- With over 21 per cent of children wasted-low weight for height, India has been ranked 100th among 119 developing countries on the Global Hunger Index (GHI), behind North Korea, Bangladesh and even Nepal.
Here are top reasons for India’s slump in the scores:
- India was ranked 97th last year. The country’s hunger problem is driven by high child malnutrition, and underlines the need for stronger commitment to the social sector, the International Food Policy Research Institute (IFPRI) said in its report.
- According to the report, India’s wasting rate hasn’t substantially improved over the last 25 years, even though the child stunting rate (reduced growth rate in human development) has improved over this period. Wasting (low weight for height) rate, is a strong predictor of mortality among children under five. The rate is usually the result of acute significant food shortage or disease. Meanwhile, Purnima Menon, Senior Research Fellow at IFPRI, said that child wasting reflects acute under-nutrition caused by prolonged period of poor diet, repeated illnesses, and poor sanitation. “The improvement on the child stunting rate shows that children are born in a better condition than before. The high wasting rate, however, shows neglect in the first two years in terms of infant feeding, sanitation, and overall environment.
AVAILABILITY OF FOOD
- The availability of solid food with breast milk for young children (when they transition from exclusive breastfeeding) declined from 52.7 per cent to 42.7 per cent.
- The proportion of children between six and 23 months who received an adequate diet was 9.6 per cent.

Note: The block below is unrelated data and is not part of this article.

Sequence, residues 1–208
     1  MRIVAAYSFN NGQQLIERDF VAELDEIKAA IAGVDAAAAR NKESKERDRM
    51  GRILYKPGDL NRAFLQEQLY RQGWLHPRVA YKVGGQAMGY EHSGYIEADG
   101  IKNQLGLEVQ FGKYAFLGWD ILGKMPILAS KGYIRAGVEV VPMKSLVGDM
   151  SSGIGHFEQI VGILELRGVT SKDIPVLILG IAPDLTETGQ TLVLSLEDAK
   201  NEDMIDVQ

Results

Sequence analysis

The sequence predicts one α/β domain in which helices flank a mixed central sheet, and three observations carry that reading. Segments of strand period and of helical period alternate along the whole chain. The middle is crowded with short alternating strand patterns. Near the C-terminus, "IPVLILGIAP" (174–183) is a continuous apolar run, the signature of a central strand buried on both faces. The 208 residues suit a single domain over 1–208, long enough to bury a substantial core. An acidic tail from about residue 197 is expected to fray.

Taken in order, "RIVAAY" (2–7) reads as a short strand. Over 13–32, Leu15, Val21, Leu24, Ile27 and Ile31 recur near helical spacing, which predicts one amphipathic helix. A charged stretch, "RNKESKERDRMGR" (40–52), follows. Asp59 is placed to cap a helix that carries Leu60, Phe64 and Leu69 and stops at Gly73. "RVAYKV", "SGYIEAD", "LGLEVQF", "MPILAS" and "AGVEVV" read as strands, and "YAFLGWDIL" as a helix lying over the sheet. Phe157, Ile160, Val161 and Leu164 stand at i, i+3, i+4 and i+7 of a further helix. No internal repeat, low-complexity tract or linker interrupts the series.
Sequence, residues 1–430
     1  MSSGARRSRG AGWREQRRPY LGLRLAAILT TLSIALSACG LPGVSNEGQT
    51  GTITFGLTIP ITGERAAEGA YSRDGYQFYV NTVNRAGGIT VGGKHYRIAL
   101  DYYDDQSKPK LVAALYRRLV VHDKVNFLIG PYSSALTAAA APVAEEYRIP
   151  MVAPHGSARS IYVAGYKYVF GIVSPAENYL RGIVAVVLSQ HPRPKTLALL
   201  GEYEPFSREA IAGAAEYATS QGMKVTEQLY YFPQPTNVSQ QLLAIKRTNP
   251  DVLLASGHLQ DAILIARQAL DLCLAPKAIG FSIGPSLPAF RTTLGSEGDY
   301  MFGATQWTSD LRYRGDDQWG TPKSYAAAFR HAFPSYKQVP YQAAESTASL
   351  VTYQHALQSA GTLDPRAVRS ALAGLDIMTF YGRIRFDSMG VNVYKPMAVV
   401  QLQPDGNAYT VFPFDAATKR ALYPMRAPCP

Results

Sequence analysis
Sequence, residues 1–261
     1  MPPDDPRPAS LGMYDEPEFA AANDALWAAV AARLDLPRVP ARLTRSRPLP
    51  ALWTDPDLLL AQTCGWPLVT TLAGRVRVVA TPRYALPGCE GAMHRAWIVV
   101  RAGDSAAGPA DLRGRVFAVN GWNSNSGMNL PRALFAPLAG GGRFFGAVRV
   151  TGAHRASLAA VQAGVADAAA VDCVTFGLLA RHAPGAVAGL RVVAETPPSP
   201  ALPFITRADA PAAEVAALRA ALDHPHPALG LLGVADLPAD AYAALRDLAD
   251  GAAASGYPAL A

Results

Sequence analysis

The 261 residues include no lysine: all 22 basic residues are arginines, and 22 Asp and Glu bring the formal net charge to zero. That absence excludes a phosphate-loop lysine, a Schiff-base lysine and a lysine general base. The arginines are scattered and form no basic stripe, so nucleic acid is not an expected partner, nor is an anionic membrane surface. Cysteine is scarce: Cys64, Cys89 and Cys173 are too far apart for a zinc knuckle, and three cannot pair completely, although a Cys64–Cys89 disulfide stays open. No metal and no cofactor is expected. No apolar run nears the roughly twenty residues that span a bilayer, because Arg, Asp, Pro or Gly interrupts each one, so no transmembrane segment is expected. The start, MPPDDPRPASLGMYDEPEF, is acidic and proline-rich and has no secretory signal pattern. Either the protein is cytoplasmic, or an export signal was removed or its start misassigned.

- No more than 48.4 per cent of households had access to improved sanitation facilities; sanitation is an important factor in improving nutrition.
DEVELOPMENT PROGRAMS YET TO ACHIEVE TARGET
- The IFPRI report, citing from Menon’s research, points out that while India claimed a “massive scale-up” of two national nutrition programmes, the Integrated Child Development Services and the National Health Mission but these have yet to achieve adequate coverage.
INDIA BETTER THAN PAKISTAN
- India ties with Djibouti and Rwanda for the 100th rank, and with a score of 31.4 of 100 (with 0 being best and 100 the worst) but its neighbours in South Asia, Nepal, Sri Lanka and Bangladesh are doing better than India. Only Pakistan and Afghanistan are doing worse than India.
THE RISE OF NEPAL
- Nepal’s GHI score was also in the alarming category in 2000, but has now ranks 72 (in the serious category), verging on moderate rise, IFPRI said in the report.
HOW NEPAL COUNTERED HUNGER PROBLEM
- Nepal’s remarkable reduction in child stunting between 2001 and 2011 is associated with, and likely attributable to, increased household assets (a proxy for household wealth), increased maternal education levels, improved sanitation levels, and implementation and utilisation of health and nutrition programs, including antenatal and neonatal care.